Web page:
MELBOURNE, Australia – In 1998, the Guggenheim Museum mounted the Art of the Motorcycle Exhibition that historian, Jeremy Packer, described as representing “the end of a cycle of….social rejection of motorcyclists.” Each of the 114 exhibits was chosen “for their historic importance or design excellence.”
“The idea that a motorcycle could be considered as a work of art was as shocking to some as it was liberating to others,” says Catherine Davison, Automotive Specialist at Mossgreen. “It has been a long social evolutionary process for the motorcycle to be recognized as a work of art.”
Mossgreen presents an auction of 18 significant motorcycles from 1919 to 1975 in keeping with its avant-garde approach to the relationship between art and utilitarianism.
The motorcycles, together with racing helmets from great champions including Michael Doohan, Valentino Rossi, Casey Stoner and Ralf Schumacher, will be offered on 18 October, as part of the Collectors’ Cars, Motorcycles & Automobilia auction.
Highlights include a 1919 Cleveland 13.5CI Lightweight. Built between 1915 and 1924, the 13.5CI (221cc) two-stroke motor was mounted transverse to the frame, with a worm drive to power the countershaft sprocket to final chain drive. This Lot, engine number 12581, was imported to Australia in 2014. The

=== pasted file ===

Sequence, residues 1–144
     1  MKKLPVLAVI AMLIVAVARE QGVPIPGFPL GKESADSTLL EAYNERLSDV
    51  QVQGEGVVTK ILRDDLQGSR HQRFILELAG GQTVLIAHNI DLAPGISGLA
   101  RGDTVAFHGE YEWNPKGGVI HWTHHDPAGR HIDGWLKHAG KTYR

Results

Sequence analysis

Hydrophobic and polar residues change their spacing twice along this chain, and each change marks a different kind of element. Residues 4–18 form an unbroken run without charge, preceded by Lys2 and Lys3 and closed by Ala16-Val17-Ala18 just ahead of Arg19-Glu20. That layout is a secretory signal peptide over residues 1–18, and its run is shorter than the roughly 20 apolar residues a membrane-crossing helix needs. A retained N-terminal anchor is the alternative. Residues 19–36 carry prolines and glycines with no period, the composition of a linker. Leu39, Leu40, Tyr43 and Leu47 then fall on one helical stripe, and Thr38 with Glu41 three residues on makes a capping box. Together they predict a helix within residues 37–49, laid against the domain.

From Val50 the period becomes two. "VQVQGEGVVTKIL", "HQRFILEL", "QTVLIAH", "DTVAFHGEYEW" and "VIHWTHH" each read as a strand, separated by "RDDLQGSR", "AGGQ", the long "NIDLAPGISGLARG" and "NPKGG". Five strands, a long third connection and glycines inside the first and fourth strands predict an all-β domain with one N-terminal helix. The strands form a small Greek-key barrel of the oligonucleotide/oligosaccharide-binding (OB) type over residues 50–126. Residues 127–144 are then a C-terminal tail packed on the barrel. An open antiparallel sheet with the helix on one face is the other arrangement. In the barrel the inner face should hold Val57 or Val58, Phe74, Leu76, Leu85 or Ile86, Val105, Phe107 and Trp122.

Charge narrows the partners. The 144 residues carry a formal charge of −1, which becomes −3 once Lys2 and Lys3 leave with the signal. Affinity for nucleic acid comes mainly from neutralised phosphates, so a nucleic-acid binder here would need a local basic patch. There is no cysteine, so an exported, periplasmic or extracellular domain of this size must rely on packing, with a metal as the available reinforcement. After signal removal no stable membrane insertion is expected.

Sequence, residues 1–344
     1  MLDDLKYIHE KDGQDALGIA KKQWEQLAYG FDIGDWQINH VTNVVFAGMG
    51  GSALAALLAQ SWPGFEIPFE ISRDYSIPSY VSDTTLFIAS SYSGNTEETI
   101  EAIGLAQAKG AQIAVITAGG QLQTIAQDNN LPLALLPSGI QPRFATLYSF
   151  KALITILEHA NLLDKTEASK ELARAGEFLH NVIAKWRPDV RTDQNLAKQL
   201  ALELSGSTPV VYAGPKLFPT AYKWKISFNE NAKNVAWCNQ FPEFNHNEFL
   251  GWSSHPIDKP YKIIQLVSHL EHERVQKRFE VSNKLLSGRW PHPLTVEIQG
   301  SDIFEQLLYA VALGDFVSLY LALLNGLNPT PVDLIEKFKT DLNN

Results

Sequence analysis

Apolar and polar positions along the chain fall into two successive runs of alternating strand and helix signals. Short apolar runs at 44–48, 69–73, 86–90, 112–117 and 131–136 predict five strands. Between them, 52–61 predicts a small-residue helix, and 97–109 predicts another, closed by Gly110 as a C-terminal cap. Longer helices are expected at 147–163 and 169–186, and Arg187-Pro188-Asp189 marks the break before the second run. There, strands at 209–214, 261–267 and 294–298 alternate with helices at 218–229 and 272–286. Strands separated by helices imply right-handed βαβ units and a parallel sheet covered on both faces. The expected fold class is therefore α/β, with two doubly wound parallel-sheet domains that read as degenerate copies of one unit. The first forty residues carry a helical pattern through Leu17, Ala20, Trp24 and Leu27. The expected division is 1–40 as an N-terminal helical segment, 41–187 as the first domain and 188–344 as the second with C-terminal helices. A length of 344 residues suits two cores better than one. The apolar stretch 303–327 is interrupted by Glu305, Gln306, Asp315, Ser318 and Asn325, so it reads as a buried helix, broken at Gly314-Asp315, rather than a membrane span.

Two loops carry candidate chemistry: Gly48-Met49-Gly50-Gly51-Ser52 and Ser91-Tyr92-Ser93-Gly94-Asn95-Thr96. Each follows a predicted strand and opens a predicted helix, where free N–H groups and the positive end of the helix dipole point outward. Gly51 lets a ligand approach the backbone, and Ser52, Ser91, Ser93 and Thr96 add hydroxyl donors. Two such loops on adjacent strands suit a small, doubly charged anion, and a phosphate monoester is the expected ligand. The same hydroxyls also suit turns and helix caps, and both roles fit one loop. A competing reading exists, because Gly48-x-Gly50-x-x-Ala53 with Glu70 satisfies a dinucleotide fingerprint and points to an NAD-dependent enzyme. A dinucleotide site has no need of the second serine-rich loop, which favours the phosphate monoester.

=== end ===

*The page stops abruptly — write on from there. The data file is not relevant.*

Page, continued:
Cleveland set several lightweight endurance records in 100-200 mile races.
Another Lot is a 1973 Triumph Hurricane X75 750 – one of the motorcycles included in the Guggenheim Exhibition. Designer Craig Vetter was commissioned to design a BSA Rocket 3 for the American market with a brief to make it ‘sleeker and more balanced.’ He created the Triumph Hurricane in the summer of
1969 and only 1,200 were built. The Hurricane revolutionised the cruising motorcycle. This Australian-delivered machine has a low mileage of 4,649.